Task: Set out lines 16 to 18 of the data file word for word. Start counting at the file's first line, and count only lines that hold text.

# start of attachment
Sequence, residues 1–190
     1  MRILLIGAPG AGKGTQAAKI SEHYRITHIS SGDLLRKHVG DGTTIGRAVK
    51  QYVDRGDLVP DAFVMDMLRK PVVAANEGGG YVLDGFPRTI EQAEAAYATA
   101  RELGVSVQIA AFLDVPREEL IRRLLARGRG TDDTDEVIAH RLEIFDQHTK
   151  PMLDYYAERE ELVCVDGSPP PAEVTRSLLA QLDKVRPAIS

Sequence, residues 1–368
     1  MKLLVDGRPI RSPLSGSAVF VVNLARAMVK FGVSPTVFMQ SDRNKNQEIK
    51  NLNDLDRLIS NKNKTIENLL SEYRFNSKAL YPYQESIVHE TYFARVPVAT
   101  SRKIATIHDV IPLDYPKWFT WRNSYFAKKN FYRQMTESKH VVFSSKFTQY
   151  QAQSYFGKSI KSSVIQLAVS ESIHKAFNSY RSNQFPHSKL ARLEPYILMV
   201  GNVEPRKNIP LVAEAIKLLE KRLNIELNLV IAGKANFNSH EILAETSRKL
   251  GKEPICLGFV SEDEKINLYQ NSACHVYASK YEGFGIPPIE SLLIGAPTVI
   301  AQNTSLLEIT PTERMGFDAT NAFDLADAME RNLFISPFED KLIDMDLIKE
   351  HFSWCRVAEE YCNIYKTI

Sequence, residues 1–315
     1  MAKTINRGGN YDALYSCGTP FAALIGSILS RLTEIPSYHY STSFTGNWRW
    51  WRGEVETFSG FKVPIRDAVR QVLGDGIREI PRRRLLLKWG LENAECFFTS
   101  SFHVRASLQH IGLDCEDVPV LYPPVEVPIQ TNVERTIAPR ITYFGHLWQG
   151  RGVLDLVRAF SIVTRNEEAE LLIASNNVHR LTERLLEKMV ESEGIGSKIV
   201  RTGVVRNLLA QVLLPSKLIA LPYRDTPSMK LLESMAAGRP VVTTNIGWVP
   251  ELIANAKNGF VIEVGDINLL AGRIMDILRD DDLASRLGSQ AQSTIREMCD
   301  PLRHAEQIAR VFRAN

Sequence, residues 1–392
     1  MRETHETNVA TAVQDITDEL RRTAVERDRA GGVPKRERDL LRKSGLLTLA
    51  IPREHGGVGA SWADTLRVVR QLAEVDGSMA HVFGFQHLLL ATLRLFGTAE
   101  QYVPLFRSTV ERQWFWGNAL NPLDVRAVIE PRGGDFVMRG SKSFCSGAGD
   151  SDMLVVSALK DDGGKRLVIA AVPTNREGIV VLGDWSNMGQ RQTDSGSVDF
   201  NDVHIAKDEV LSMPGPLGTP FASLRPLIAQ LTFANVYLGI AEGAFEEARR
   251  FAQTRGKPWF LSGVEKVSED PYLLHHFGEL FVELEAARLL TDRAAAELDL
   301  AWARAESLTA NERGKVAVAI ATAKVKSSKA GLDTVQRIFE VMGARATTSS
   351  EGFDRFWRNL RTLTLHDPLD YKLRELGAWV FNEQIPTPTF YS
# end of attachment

     1  MAKTINRGGN YDALYSCGTP FAALIGSILS RLTEIPSYHY STSFTGNWRW
    51  WRGEVETFSG FKVPIRDAVR QVLGDGIREI PRRRLLLKWG LENAECFFTS
   101  SFHVRASLQH IGLDCEDVPV LYPPVEVPIQ TNVERTIAPR ITYFGHLWQG